Many of Sennett's films of the early 1920s were inherited by Warner Brothers when Warners merged with the original distributor, First National. Warner added music and commentary to several of these shorts, but eventually destroyed the original elements for storage space. As a result, many Sennett films, especially those from his most productive and creative period, no longer exist.[citation needed]

Move to Pathé Exchange[edit]

In the mid-1920s Sennett moved over to Pathé Exchange distribution. Pathé had a huge market share, but made bad corporate decisions, such as attempting to sell too many comedies at once (including those of Sennett's main competitor, Hal Roach). In 1927 Paramount and MGM, Hollywood's two top studios, noting the profits being made by companies like Pathé Exchange and Educational, both re-entered the production and distribution of short subjects after several years. Roach signed with MGM, but Sennett found himself and Pathé Exchange in hard times, because the hundreds of exhibitors who had previously rented their shorts had switched to the new MGM or Paramount products.[citation needed]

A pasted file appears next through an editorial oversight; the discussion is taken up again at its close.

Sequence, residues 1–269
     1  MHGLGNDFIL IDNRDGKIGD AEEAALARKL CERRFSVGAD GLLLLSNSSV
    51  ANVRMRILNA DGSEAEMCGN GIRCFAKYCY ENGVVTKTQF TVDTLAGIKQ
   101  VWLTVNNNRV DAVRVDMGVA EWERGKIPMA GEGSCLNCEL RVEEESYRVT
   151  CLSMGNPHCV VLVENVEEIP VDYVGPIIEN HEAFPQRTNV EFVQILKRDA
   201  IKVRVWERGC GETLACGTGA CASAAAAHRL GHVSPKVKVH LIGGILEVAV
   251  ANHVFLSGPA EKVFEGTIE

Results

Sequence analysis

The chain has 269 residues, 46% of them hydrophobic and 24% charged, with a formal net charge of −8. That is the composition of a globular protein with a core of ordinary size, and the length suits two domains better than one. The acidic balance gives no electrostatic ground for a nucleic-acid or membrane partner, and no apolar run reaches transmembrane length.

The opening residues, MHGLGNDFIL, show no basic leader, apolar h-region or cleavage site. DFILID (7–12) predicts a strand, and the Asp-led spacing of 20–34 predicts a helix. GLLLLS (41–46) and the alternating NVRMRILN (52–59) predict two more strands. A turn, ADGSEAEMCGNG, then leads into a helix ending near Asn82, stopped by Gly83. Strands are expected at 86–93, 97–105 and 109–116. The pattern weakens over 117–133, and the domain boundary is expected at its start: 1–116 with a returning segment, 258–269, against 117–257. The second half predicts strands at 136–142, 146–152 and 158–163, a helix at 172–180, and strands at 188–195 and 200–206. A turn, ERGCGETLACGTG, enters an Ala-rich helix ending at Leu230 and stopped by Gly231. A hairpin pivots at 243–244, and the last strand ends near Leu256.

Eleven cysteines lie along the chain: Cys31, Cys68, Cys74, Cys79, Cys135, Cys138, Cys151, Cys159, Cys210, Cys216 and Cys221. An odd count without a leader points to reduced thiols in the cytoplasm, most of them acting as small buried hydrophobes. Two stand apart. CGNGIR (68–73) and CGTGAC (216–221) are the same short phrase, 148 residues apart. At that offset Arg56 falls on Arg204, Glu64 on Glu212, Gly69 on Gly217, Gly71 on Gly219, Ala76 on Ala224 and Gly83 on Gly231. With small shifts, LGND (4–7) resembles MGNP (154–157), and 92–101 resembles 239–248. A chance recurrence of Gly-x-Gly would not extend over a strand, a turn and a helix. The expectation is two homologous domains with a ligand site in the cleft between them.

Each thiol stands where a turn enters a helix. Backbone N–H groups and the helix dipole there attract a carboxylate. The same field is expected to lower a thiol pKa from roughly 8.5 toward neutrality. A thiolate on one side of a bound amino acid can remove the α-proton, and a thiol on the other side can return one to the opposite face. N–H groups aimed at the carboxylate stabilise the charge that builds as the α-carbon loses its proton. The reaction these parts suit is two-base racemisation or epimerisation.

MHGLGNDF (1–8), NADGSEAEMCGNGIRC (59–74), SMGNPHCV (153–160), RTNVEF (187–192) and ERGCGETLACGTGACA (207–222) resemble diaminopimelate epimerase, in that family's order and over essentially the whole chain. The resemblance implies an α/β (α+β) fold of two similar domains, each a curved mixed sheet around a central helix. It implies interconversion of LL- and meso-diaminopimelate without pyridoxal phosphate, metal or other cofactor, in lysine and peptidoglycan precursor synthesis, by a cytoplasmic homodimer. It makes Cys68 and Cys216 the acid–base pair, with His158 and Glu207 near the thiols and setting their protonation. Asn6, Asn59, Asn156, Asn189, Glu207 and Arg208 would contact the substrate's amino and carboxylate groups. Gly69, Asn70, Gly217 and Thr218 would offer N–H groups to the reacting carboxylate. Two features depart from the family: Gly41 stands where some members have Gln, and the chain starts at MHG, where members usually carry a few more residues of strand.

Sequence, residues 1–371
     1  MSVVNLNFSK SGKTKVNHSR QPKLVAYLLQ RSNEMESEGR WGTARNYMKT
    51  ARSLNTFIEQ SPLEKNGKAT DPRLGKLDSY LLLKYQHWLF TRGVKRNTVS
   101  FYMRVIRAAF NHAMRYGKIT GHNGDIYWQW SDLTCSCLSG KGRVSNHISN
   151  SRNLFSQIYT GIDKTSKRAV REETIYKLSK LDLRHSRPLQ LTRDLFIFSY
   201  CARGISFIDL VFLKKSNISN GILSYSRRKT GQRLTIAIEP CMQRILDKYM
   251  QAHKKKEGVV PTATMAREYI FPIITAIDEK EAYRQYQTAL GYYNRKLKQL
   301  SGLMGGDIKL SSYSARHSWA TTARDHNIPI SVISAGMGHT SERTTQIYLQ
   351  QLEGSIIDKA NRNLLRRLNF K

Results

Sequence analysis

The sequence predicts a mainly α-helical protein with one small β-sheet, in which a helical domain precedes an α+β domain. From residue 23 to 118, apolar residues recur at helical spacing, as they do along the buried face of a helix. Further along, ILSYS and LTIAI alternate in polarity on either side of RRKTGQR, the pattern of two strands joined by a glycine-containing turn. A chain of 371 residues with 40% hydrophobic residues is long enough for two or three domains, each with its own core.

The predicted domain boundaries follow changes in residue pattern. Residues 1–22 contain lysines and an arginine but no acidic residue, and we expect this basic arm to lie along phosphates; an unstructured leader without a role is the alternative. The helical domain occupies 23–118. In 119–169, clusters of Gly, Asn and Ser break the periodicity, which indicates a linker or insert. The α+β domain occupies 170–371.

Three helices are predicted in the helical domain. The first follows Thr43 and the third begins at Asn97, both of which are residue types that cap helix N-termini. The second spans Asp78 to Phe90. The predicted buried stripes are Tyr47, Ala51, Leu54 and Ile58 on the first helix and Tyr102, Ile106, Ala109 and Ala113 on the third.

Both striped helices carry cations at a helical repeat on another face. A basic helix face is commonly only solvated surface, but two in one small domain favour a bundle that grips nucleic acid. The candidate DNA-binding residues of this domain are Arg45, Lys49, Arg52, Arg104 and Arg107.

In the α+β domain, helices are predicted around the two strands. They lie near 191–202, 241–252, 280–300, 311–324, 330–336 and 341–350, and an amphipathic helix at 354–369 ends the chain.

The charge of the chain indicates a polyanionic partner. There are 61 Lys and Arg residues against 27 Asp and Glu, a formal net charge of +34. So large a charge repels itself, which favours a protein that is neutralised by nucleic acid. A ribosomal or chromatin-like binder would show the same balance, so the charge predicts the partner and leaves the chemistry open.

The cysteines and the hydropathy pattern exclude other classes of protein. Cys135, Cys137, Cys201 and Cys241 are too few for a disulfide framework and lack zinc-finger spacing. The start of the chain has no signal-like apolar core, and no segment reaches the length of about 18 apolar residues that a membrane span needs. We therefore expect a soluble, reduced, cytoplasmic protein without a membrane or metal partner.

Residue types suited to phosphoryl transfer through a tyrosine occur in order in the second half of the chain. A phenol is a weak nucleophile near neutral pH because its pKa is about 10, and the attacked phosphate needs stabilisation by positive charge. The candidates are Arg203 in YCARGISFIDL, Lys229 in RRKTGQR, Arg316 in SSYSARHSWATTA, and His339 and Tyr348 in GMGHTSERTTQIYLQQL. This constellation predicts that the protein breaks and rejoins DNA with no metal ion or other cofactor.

Experiments, awards, and bankruptcy[edit]

Movie theatre audience members Roscoe Arbuckle and Mack Sennett square off while watching Mabel Normand onscreen in Mabel's Dramatic Career (1913)
Mabel Normand, Mack Sennett and Charles Chaplin in The Fatal Mallet (1914)

Sennett made a reasonably smooth transition to sound films, releasing them through Earle Hammons's Educational Pictures. Sennett occasionally experimented with color and was the first to get a talkie short subject on the market, in 1928. In 1932 he was nominated for the Academy Award for Live Action Short Film in the comedy division for producing The Loud Mouth (with Matt McHugh, in the sports-heckler role later taken in Columbia Pictures remakes by Charley Chase and Shemp Howard), and he won in the novelty division for his film Wrestling Swordfish.[2]

Sennett often clung to outmoded techniques, making his early-1930s films seem dated and quaint. This doomed his attempt to re-enter the feature film market with Hypnotized (starring blackface comedians Moran and Mack, "The Two Black Crows"). However, Sennett enjoyed great success with short comedies starring Bing Crosby; these films were probably instrumental in Sennett's product being picked up by a major studio, Paramount Pictures. W. C. Fields conceived and starred in four famous Sennett-Paramount comedies. Fields himself recalled that he "made seven comedies for the Irishman" (his original deal called for one film and an option for six more), but ultimately only four were made.